U.S. Navy Lockheed WC-121N Super Constellation; photo courtesy of Wikimedia Commons
I can remember two occasions in my lifetime that could have resulted in my early demise. I’ve had other scary incidents, such as red-light runners passing within inches of my car, but they are less memorable.
My first frightening event occurred in 1967 (during a summer trainee program in Colorado) when a burst appendix put me in the hospital for 15 days. The situation was so dire that my parents were called and told to fly immediately (from Pennsylvania) to Colorado; Mom had never been on an airplane. The second incident occurred two years later. I can now laugh at what was nothing more than a harrowing incident. At the time, however, it seemed serious indeed.
In 1968, I began work for the Navy Weather Research Facility in Norfolk, Virginia, my first job after graduating from Penn State. A year later, I had the opportunity to participate in Project Stormfury, a government experiment to seed hurricanes. Without going into technical detail, the goal was to decrease hurricane winds to minimize storm damage. (Afterward, it was determined that the effects from the seeding were far too weak.)
I traveled to the Roosevelt Roads Naval Station in Puerto Rico where I was trained to be a Radar Advisor. Basically, that meant that I took pictures of the radar screen on the Hurricane Hunter WC-121 aircraft, a four engine propeller-driven plane. This aircraft was a “weather” version of the Navy and Air Force early warning and control radar surveillance aircraft, the EC-121; it featured two powerful radars.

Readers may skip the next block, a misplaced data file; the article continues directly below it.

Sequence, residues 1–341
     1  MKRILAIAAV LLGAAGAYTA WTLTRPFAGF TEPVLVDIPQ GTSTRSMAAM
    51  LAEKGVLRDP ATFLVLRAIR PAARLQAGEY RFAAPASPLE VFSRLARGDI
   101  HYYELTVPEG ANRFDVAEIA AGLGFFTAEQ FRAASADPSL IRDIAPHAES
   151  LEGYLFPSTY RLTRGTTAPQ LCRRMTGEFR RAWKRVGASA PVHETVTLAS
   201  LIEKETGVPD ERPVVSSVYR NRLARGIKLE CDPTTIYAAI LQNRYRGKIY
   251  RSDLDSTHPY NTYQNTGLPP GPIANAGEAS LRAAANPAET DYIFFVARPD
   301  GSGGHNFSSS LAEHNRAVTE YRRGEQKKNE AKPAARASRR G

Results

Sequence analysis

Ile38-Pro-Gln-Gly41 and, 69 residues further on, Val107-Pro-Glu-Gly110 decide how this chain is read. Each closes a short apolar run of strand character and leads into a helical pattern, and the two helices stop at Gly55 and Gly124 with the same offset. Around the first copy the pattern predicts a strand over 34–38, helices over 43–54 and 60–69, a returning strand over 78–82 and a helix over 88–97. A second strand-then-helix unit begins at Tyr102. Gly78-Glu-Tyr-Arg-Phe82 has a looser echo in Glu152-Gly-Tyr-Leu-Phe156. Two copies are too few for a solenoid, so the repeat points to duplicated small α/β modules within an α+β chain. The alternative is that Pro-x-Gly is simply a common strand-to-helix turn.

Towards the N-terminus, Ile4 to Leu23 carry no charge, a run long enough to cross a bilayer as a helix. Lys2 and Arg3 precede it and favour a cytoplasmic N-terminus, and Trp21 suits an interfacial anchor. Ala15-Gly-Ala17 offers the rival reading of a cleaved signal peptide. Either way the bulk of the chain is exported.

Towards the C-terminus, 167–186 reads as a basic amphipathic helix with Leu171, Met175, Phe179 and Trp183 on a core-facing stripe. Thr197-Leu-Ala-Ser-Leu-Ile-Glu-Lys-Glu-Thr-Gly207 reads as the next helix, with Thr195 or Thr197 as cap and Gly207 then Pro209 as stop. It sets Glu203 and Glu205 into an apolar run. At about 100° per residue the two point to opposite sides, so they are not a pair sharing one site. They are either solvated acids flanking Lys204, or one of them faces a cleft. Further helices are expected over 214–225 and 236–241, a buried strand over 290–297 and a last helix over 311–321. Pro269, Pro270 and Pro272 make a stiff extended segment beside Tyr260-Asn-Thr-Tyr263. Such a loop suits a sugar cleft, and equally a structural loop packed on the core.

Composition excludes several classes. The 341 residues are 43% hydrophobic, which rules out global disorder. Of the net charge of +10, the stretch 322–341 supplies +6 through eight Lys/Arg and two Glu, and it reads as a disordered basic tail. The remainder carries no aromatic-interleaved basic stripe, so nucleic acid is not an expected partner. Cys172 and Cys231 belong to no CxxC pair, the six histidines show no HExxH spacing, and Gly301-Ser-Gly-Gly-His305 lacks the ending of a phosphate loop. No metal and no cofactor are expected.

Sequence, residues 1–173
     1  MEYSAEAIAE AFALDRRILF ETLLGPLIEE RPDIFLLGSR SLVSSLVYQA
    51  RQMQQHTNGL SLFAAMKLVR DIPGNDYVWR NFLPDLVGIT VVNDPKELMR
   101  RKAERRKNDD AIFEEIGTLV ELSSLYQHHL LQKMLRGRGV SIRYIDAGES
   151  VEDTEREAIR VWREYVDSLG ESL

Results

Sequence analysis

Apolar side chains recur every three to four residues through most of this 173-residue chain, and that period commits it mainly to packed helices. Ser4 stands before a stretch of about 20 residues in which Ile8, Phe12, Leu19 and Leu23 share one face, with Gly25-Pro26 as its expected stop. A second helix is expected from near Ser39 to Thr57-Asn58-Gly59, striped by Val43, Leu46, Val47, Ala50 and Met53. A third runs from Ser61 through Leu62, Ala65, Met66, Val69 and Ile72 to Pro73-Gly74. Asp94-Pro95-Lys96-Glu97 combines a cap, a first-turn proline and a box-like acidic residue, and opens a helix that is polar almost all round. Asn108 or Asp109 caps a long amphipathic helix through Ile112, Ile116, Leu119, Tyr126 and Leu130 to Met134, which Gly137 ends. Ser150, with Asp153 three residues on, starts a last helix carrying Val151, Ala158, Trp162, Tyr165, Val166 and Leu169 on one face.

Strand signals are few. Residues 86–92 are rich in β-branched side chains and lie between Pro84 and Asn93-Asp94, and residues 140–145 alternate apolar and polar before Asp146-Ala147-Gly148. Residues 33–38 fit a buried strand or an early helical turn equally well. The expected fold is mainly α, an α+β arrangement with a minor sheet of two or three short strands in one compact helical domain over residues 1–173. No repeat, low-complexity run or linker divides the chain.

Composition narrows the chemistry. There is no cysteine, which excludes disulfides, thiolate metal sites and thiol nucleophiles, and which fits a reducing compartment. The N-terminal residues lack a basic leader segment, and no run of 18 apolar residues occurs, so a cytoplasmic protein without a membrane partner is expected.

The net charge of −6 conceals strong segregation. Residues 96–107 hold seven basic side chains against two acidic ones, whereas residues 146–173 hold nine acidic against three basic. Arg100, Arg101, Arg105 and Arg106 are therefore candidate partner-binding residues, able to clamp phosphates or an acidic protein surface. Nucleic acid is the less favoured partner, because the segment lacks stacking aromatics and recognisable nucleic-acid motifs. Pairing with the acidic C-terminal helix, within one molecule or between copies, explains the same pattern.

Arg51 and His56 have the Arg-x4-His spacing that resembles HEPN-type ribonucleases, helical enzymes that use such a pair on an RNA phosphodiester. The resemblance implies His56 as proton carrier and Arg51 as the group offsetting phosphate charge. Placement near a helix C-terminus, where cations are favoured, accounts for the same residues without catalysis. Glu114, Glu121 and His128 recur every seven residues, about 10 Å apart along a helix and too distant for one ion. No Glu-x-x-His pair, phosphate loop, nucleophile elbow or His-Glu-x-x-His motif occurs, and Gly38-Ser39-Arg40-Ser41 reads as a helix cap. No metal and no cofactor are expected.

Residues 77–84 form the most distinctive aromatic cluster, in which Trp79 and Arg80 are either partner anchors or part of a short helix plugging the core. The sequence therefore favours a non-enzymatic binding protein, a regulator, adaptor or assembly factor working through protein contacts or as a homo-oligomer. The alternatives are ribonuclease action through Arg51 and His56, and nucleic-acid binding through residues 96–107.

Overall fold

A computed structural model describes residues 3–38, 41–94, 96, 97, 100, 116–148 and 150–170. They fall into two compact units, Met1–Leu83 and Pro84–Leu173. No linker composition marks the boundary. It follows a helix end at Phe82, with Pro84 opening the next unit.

I’ve forgotten how many times we flew during my stay. But I do remember one mission to investigate a tropical disturbance. You must remember that back then we did not have continuous satellite imagery like we have now, and “Hurricane Hunters” were essential observational tools. Flying at around 250 MPH, our aircraft had a range of over 4000 miles. As I recall, this mission was in the 8-10 hours in length.
Long story short, we flew some 1000 miles only to discover that the disturbance had weakened, with not much to look at or take radar pictures of. So, we headed home.
I may have been the first person on the aircraft to notice the smoke. Soon everyone knew, especially the people flying the plane. Fire on an aircraft is not a good thing, and perhaps more worrisome on one first put into service in 1954. From our 10,000-foot cruising altitude, we immediately descended to our “ditching” altitude, 1000 or 500 feet as I recall. I remember thinking that landing in the water some 1000 miles from my hotel room would make me late for dinner. Further, my swimming skills were minimal at best. To compound my fears, one crew member told me that there had never been a successful ditching of that particular aircraft. I couldn’t help but wonder what his definition of “successful” was.
At that point, excitement reigned. One of the pilots rushed back into the aircraft and began tearing away sections of the fuselage, revealing various electrical panels, trying to locate the source of the smoke. Meanwhile, the smoke was still there.
After maybe fifteen minutes of panic (on my part), it was over as quickly as it began. The smoke abated, we returned to our 10,000-foot altitude, and flew home uneventfully. To my knowledge the source of the smoke was never determined.
Please write and let me know about your most memorable close call.
Categorised in: Stories from my Life
This post was written by paulmarktag